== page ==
CHARLOTTE -- The Panthers aren't scoring many points, but that doesn't keep them from admiring those who can.
A pair of former New England Patriots in Charlotte said Wednesday they had nothing but respect for the way their old team is rolling up points, even though some have taken umbrage with their style.
The Patriots have scored 411 points in 10 games, on pace to record 658 this season. By contrast, the Panthers have 167 points.
The league record is 556 by Minnesota in 1998, the highlight of the Randy Moss / Cris Carter / Robert Smith / Randall Cunningham years.
When asked Wednesday if he's ever seen anything like the pace his old teammates are setting, quarterback Vinny Testaverde just shook his head.
"I don't think anybody has," he replied. "It's somewhat like the perfect storm. They've got the coaching, the system, the players, the quarterback. It's all come together and you're seeing the end result of all the pieces, that all the GMs are trying to get to."
Of course, not everyone's enamored with their tactics, as they've come under fire for running up scores, particularly against Washington and Buffalo lately.
"I don't have a problem with it," said former Pats tight end Christian Fauria. "It's not like they have their first string in there the whole time, it's just a high-powered offense. It's just amazing to watch, fun to watch. And if you can't stop it, you have no one but yourself to blame.
"I've never seen anything like it. You ask anyone, anywhere. It's like me going to play against my son's Pop Warner team. Just throw it wherever you want to and I'll catch it. How many points we score depends on how long we play."
The prevailing sentiment is that the Patriots are trying to stick it to the rest of the league after being caught trying to videotape the New York Jets defensive signals in the opener. The league fined them and took away a first-round pick, but the Patriots appear to be enjoying running roughshod over the league.
Testaverde nodded when asked if it had become personal with coach Bill Belichick.
"I think aside from what happened early in the year against the Jets, I think it's always personal with Bill," Testaverde said. "You're his opponent, you're his enemy that week, he's going to do what it takes to try to win."
• INJURY UPDATE: Wide receiver Steve Smith returned to practice Wednesday after missing last week's game with a shin injury.
Coach John Fox said that concerns over whether Smith could finish the game left him no choice, since he usually just keeps four receivers active.
"I think he was close last week," Fox said. "Going with the numbers of receivers you do, if all of a sudden you go out there and a guy can't go in the course of the game, then you can't go back and say 'Whoops, we want to bring this guy up now.'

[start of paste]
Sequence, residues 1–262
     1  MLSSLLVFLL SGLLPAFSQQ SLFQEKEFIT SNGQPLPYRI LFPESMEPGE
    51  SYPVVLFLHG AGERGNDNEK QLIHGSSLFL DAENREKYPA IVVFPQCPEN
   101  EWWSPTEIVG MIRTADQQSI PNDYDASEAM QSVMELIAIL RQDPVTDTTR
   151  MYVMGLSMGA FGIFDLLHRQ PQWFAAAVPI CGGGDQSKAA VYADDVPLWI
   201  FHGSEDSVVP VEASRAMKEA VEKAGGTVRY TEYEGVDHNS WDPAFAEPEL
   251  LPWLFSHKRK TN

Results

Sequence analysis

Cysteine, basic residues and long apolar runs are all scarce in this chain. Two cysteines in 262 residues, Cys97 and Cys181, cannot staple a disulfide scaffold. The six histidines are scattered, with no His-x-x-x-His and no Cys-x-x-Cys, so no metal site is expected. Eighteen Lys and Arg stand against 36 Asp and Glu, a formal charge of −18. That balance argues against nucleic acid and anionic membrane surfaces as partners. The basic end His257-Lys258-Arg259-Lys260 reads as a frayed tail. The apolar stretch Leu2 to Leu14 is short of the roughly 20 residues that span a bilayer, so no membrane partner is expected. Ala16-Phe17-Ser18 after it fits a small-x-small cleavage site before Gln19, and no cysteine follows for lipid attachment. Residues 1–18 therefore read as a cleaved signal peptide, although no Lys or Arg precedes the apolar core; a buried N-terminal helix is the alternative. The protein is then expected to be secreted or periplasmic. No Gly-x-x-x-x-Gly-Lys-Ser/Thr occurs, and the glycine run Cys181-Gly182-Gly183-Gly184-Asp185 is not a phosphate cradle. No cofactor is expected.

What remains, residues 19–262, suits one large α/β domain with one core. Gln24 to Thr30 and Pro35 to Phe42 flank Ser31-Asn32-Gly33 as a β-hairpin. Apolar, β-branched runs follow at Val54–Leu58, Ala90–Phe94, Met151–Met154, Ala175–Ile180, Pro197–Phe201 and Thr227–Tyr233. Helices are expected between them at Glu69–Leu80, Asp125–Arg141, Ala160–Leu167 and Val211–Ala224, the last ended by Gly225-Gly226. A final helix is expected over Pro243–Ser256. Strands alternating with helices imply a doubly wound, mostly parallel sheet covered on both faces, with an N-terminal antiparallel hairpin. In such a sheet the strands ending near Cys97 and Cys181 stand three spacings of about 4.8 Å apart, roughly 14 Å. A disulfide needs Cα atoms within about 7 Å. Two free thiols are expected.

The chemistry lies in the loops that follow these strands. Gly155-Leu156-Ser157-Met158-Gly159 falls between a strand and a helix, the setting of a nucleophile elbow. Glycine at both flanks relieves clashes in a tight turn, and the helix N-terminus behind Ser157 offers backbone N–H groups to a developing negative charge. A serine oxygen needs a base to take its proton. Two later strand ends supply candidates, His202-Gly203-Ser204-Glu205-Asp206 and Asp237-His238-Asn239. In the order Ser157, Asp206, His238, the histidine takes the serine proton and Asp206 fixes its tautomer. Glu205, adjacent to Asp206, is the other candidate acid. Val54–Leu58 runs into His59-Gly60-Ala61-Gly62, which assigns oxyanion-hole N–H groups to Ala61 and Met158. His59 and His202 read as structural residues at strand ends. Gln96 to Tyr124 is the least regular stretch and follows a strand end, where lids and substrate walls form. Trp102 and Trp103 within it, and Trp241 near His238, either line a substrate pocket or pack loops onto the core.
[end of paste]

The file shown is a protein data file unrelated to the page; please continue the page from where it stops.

"I think he did what he thought was best for the team, and thankfully we got him back this week."
Cornerback Chris Gamble missed practice after having surgery on his right thumb Tuesday morning. Fox said there was a chance Gamble could play with a large cast on his right hand, similar to the way safety Colin Branch did here in 2004.
Of course, the highlight of that stint was Branch using his cast to club a ball out of bounds in Seattle, helping cost the Panthers a game.
Also held out of practice were running back DeShaun Foster (toe) and defensive tackle Damione Lewis (shoulder).
• REALITY CHECK: Smith was asked whether the announcement that Testaverde would start would bring some continuity the team needs. His reply was that 2008 was probably the first chance for that.
"I don't know if you could say stability just because of all the things going on," Smith said. "I guess the guy who brings us stability is Jake, honest to God."
• THE NEW OLD GUYS: Speaking of Testaverde and Fauria, their touchdown connection last week in Green Bay made them the oldest pair of players to hook up for a score in league history. They had 80 years and change combined, with Testaverde 44 and Fauria 36.
They broke the record set by Testaverde and New England's Troy Brown last year in Tennessee. Brown's nearly three months older than Fauria, but the year that's passed puts the current Panthers pair in the lead.
Fauria laughed when asked about the distinction.
"Funny thing about that," he said. "My cousin's at the game. He says, 'You know what, that might be the oldest combination.' I said, 'You know, he threw one to Troy Brown last year, so I don't think that's the case.'
"Then I'm like, 'Wait a second, he was younger last year, Troy was younger, I think I'm the same age as Troy.' So yeah. Is that good or is that bad?"
• EXTRA POINTS: The Panthers brought defensive end Otis Grigsby back into the fold, signing him to the practice squad.
They released him from the active roster last week to make room for defensive tackle Gary Gibson, since they needed someone to replace Lewis for the week. ... There will be a familiar face in the press box and voice on the airwaves this weekend, as former play-by-play announcer Bill Rosinski calls the game for Westwood One. He's done a handful of national broadcasts in Charlotte with partner Dan Reeves since the Panthers replaced him with Mick Mixon after the 2004 season.